If a question is asked that meets all other site criteria and survives any 'deletion review' process (not an obvious troll attempt, but a genuine question) yet for whatever reason receives multiple down votes, the asker should get a badge.

By the same measure, an answer that is correct, accurate and supported but receives numerous down votes because it's 'unpopular' to those few who read the OP should get a badge. The old saying holds sway; If you don't want to hear the answer, don't ask the question.

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    The way the system should work, a question should be able to survive the deletion review queue regardless of whether or not the downvotes are warranted or not. – phantom42 Apr 23 '14 at 17:38
  • @phantom42 Isn't that what I said? – Morgan Apr 23 '14 at 17:41
  • I'm not sure that your criteria are sufficiently clear to be programmable/testable. – Donald.McLean Apr 23 '14 at 17:45
  • The point is that there is no way for the system to distinguish whether those downvotes were "warranted" or not. They can both get through just fine. – phantom42 Apr 23 '14 at 17:50
  • @phantom42 Granted, neither can the system distinguish whether upvotes are warranted. The system only knows that they exist. – Morgan Apr 23 '14 at 17:56
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    Yes, and that's why this idea would never work. – phantom42 Apr 23 '14 at 18:14
  • Looks like I'm on my way to earning the new 'contrarian' badge. Well on the way to 'obstinate' rating. – Morgan Apr 23 '14 at 22:37
  • @phantom42 BTW, is there a record somewhere for the most downvotes? I've seen -12 so far and I've hit -6 twice. – Morgan Apr 23 '14 at 22:58
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    I'd check the data explorer. – phantom42 Apr 24 '14 at 0:16
  • @phantom42 Sadly, I have no computer chops... seriously. I'm literally not much better than a monkey with a stick, so telling me to check data explorer is like telling that monkey to put the car into gear. He may stumble upon it but would have no clue how or why. Ironic that I should find my way to this place, yes? – Morgan Apr 24 '14 at 0:51
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    Turns out you don't need to. You can just sort the questions by votes. -14 is the current record. – phantom42 Apr 24 '14 at 2:05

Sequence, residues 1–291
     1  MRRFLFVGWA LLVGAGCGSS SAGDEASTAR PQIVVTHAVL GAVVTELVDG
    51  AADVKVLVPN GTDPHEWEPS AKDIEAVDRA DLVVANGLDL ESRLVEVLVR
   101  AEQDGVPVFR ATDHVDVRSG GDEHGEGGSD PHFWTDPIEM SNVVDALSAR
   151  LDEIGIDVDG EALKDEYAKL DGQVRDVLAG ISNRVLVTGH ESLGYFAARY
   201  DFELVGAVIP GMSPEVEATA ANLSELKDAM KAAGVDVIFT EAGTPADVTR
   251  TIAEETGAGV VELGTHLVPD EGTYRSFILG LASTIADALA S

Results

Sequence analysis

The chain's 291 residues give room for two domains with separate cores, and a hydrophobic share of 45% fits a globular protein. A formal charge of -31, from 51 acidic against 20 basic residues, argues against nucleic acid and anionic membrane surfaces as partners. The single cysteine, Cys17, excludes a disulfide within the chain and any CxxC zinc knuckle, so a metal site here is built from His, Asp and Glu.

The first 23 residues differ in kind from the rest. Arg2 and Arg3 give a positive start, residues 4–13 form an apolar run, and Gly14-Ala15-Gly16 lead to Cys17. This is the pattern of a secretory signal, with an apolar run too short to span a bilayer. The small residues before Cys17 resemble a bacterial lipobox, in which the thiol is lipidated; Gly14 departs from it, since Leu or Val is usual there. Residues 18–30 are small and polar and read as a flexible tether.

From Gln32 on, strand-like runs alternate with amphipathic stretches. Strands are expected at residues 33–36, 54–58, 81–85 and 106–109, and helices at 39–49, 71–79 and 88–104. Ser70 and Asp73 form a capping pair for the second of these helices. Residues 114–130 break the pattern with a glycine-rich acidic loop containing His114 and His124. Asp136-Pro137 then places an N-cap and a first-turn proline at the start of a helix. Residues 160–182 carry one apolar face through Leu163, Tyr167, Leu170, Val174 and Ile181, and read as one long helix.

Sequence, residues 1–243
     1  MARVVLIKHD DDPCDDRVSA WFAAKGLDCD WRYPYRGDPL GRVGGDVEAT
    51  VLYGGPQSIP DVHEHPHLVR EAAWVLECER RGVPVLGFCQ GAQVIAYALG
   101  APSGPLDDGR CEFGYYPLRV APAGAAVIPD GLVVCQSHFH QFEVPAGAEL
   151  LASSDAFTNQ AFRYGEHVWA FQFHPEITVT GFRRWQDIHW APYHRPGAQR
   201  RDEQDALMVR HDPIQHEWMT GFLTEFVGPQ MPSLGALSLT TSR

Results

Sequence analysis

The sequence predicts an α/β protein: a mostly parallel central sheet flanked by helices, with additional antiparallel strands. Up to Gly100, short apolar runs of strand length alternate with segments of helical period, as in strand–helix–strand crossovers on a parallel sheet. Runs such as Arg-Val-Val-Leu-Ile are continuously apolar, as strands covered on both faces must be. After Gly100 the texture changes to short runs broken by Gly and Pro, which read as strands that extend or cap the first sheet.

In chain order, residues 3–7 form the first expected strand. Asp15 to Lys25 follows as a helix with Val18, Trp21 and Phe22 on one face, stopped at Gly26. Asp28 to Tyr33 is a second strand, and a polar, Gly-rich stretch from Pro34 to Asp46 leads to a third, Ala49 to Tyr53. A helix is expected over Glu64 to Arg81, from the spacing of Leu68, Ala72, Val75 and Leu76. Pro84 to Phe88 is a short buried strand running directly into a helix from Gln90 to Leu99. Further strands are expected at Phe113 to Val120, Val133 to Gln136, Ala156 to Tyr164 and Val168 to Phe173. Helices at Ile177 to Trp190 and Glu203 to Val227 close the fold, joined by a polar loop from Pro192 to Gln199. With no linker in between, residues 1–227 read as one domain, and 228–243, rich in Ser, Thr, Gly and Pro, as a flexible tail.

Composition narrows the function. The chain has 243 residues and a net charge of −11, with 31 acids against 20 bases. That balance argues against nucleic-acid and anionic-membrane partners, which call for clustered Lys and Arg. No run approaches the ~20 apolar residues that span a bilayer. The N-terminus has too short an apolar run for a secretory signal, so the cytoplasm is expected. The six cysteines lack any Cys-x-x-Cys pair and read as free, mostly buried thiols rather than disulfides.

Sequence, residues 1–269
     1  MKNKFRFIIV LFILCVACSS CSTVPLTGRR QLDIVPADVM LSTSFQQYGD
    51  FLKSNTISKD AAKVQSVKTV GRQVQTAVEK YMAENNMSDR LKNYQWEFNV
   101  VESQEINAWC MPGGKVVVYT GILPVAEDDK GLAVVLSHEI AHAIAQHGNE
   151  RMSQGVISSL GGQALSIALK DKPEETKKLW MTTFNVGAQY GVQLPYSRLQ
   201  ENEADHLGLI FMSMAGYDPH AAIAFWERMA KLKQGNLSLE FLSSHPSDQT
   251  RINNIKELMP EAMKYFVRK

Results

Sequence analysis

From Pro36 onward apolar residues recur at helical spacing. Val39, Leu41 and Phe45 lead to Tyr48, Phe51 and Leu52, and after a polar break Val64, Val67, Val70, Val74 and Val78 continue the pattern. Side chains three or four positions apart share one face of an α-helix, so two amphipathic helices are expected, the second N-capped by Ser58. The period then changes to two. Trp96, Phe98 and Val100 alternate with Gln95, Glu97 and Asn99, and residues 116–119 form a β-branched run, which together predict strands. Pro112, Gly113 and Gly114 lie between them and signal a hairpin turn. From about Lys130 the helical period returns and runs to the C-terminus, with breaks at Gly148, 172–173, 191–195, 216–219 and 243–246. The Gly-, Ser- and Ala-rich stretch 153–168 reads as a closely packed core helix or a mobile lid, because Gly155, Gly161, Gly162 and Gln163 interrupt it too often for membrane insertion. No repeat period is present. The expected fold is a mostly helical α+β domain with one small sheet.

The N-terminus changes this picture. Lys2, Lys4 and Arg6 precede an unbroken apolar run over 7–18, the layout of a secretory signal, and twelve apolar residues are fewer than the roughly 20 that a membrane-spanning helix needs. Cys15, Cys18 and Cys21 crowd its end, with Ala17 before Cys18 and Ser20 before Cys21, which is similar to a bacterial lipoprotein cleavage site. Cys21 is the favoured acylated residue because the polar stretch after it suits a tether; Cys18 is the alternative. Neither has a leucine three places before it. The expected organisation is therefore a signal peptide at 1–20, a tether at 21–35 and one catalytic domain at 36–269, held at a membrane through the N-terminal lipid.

• Regarding your edit... I assume you're referring to the "unwarranted negative votes" your question here has received? If so, are you aware that downvotes in meta are not the same thing as downvotes on the main site, and merely indicate disagreement? – Beofett Apr 24 '14 at 17:34
  • @Beofett- A good question/answer IMO brings up valid and salient issues or answers. When that question elicits pertinent, thoughtful and edifying answers, how then can it be voted down as a bad question/answer? It seems you're saying that if people don't like the 'implications' of a question/answer they down vote it regardless of the truth or accuracy of it. I thought this place was created so people could get the 'real' answer to questions. I've seen one answer getting up votes for promoting the 'healing properties' of bacteria laden saltwater on wounds. What?! – Morgan Apr 24 '14 at 19:50
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    @Morgan You need to read what he said more carefully: downvotes on meta don't mean the same thing as on the main site. For a question - like yours - that proposes something new, downvotes mean "I disagree." Your post says, "there should be a badge for..." and the downvotes mean multiple people don't think there should be such a badge. It's got nothing to do with truth or accuracy. – Ward - Reinstate Monica Apr 25 '14 at 4:13
  • @Ward Yes I got that. I didn't know that about meta before. This is all a new experience for me. In one area the votes mean something different than in another. I'm learning, which I believe is the point here in this place. – Morgan Apr 25 '14 at 4:26

I've seen good questions being downvoted on other SE sites. I've seen a high-rep user on another SE site actually edit a question to make it off-topic, then VTC it. Thankfully the latter kind of thing doesn't seem to have happened here; hopefully it never does (I mention this as an example to show that downvotes are far from the worst that can happen).